November 28, 2011 defpro.com
US Marines will march out of Afghanistan by the thousands next year, winding down combat in the Taliban heartland and testing the US view that Afghan forces are capable of leading the fight against a battered but not yet beaten insurgency in the country's southwestern reaches.
At the same time, US reinforcements will be sent to eastern Afghanistan in a bid to reverse recent gains by insurgents targeting Kabul, the capital.
General James F Amos, commandant of the Marine Corps, said in an Associated Press interview that the number of Marines in Helmand province will drop "markedly" in 2012, and the role of those who stay will shift from countering the insurgency to training and advising the Afghan security forces.
The change suggests an early exit from Afghanistan for the Marine Corps, even as the prospects for solidifying their recent successes are uncertain.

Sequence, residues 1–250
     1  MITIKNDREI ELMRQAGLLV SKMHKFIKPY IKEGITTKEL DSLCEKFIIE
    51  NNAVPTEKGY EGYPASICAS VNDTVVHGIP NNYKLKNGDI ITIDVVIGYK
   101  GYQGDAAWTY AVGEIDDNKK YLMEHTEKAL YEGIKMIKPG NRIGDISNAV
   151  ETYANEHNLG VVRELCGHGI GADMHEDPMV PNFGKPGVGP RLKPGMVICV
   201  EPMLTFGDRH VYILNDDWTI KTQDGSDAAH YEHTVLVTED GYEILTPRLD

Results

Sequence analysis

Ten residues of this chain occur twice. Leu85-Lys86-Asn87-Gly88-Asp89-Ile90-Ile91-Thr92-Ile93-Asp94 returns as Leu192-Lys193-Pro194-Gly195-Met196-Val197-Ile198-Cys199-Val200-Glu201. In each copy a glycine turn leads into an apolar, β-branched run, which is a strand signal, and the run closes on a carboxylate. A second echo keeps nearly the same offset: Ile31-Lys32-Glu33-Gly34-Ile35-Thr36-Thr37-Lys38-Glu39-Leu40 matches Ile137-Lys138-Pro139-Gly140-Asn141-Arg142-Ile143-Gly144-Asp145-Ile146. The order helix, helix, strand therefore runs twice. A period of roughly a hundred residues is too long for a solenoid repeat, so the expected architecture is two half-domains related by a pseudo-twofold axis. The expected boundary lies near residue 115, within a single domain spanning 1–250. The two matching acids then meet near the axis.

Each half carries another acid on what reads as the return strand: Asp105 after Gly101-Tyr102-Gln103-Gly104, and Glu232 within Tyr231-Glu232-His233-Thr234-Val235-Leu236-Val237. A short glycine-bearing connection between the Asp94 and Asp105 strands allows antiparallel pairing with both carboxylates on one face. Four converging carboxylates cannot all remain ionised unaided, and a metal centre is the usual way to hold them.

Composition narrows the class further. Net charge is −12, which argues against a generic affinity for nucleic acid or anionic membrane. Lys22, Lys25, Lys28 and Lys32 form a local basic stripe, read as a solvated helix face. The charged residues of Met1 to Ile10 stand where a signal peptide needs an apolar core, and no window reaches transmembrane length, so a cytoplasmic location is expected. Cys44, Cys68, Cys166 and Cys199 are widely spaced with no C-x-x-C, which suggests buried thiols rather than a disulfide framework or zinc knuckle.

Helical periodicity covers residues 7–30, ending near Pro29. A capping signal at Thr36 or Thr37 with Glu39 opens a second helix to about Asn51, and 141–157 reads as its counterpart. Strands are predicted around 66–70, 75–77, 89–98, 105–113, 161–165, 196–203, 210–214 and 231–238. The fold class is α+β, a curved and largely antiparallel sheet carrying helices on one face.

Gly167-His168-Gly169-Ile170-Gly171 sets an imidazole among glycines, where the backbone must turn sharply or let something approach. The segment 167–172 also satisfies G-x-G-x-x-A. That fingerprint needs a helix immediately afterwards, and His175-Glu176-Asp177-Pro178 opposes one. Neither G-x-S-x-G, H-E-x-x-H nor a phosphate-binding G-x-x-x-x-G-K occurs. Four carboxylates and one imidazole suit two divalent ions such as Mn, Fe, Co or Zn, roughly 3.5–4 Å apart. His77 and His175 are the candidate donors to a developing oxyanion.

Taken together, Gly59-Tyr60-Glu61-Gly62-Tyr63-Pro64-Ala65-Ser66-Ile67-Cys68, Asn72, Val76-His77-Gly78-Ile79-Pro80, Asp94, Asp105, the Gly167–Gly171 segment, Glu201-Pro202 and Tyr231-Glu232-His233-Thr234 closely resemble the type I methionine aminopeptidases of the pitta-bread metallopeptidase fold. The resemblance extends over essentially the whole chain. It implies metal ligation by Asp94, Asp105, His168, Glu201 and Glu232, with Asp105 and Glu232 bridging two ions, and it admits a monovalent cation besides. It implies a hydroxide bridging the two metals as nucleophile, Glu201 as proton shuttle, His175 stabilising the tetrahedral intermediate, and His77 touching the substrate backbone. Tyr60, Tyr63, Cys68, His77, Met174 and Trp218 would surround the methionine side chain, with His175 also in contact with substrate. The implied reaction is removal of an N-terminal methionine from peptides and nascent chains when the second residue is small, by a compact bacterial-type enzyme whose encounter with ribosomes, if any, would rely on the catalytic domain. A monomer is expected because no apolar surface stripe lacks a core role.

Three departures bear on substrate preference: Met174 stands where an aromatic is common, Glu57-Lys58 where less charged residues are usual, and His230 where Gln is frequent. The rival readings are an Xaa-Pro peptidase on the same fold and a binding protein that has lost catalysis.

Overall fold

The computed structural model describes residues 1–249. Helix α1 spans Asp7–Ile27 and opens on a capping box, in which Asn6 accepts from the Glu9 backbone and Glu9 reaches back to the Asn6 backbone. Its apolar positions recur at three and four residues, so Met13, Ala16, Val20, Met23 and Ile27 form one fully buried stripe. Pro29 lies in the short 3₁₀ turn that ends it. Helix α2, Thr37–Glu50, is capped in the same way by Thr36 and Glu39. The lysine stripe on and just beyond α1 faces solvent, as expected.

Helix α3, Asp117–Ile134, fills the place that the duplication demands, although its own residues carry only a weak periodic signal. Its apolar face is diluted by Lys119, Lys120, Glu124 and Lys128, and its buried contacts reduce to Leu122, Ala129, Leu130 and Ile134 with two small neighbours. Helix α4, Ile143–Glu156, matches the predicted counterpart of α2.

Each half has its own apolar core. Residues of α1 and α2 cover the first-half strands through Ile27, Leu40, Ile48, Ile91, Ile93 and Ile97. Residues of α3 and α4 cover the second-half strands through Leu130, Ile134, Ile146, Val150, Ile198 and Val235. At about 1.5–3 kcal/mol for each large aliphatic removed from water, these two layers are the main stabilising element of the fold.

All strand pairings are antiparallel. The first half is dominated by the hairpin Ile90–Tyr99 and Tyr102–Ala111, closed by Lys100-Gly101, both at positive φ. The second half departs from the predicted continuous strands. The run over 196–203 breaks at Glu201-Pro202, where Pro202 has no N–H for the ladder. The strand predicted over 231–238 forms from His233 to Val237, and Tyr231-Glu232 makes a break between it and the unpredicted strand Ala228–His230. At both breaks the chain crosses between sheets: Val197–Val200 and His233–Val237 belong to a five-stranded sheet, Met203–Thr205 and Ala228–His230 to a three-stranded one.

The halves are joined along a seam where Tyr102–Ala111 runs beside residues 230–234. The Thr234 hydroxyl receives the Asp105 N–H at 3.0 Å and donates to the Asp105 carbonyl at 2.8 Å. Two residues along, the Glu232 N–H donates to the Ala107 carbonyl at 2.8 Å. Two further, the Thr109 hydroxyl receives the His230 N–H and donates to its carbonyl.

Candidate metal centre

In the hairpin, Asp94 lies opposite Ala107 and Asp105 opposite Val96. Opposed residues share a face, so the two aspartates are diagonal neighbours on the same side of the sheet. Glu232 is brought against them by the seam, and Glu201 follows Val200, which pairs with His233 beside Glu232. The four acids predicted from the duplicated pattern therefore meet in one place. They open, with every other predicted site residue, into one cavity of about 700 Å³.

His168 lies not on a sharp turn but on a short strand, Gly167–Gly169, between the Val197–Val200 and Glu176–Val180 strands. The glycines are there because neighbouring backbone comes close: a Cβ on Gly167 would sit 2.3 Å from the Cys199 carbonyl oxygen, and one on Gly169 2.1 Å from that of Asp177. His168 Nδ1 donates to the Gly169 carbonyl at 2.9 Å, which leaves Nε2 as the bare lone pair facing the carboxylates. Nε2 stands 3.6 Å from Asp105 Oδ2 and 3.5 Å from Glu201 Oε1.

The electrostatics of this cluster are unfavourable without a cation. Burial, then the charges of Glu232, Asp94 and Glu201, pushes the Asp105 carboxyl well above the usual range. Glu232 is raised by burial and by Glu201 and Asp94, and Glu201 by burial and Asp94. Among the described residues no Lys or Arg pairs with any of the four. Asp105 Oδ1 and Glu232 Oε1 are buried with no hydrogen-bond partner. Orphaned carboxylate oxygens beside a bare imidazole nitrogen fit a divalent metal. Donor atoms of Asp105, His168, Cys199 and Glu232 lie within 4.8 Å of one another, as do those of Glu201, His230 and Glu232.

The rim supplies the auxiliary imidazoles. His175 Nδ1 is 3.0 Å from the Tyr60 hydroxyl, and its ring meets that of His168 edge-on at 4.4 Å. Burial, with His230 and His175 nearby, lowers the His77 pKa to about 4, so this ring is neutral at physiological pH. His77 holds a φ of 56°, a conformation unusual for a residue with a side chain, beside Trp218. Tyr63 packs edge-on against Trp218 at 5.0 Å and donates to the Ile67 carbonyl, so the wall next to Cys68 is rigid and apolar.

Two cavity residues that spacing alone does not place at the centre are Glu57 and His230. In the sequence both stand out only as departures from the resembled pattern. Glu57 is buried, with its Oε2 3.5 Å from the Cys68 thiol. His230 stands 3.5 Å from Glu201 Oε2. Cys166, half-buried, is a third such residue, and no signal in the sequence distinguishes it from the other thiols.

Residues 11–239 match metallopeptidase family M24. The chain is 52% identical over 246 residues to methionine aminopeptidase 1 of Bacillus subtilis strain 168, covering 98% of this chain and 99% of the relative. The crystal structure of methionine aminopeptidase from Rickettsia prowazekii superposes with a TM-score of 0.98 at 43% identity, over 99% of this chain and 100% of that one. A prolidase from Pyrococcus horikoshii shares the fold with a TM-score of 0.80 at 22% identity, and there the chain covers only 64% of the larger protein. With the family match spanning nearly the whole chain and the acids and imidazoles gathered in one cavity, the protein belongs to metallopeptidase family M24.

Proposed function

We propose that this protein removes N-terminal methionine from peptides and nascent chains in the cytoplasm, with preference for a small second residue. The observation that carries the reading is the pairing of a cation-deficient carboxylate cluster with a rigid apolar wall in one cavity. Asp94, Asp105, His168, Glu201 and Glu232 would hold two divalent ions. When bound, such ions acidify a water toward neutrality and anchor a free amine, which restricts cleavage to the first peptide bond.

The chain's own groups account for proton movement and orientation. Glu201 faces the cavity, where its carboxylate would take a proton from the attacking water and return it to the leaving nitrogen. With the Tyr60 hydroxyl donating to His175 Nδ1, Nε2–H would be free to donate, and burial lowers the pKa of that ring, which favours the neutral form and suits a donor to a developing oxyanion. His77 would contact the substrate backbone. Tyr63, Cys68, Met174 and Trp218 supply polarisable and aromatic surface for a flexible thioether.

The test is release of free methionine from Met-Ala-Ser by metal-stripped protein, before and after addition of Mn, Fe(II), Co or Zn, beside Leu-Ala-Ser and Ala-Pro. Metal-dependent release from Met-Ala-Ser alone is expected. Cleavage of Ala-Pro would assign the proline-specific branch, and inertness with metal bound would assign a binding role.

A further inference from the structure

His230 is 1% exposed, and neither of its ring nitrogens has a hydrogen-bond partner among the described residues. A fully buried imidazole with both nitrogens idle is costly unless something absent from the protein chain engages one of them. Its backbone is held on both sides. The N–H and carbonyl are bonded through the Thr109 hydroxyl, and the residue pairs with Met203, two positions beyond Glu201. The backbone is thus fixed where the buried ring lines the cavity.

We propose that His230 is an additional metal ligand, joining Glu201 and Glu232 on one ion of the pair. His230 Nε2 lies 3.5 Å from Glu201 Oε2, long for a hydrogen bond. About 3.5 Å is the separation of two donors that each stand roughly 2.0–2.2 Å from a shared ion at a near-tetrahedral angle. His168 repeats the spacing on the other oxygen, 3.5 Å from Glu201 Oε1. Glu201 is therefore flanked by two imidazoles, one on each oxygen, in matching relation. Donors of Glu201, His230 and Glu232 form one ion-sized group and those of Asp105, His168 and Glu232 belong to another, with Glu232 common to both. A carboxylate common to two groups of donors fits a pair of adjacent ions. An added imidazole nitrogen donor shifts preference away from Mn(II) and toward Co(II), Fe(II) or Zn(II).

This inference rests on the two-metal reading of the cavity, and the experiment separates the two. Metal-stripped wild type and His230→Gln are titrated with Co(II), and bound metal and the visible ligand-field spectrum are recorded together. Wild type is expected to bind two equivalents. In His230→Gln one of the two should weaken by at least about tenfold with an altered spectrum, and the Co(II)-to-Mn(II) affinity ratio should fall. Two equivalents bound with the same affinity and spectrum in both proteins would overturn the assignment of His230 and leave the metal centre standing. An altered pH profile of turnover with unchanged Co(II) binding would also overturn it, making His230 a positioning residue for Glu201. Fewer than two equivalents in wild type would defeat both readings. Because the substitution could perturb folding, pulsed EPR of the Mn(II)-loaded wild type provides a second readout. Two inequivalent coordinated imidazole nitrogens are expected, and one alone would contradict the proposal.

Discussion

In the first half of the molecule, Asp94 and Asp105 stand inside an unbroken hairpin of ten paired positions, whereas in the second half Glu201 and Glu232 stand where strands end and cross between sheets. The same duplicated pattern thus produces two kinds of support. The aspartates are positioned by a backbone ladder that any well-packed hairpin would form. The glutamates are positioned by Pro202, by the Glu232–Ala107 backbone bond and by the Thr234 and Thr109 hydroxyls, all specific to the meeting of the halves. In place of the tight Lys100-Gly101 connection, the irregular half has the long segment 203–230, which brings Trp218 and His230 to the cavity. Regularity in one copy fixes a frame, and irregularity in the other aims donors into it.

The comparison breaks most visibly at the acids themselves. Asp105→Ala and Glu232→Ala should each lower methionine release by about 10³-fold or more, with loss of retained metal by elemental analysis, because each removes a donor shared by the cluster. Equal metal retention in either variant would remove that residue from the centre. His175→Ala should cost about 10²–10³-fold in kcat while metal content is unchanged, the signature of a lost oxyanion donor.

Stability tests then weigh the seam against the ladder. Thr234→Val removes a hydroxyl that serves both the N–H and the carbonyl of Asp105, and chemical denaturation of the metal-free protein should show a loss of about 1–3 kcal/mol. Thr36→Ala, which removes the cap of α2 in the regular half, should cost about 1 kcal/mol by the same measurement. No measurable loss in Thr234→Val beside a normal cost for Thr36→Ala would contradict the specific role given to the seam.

"Am I OK with that? The answer is 'yes,'" Amos said.
At stake is President Barack Obama's pledge to win in Afghanistan the war he touted during his 2008 presidential campaign as worth fighting, while pledging to get out of Iraq.
Facing a stalemate in 2009, Obama ordered an extra 30,000 US troops to Afghanistan including about 10,000 Marines to Helmand province in the belief that if the Taliban were to retake the government al-Qaida would soon return to the land from which it plotted the September 11, 2001, attacks. (DD India)
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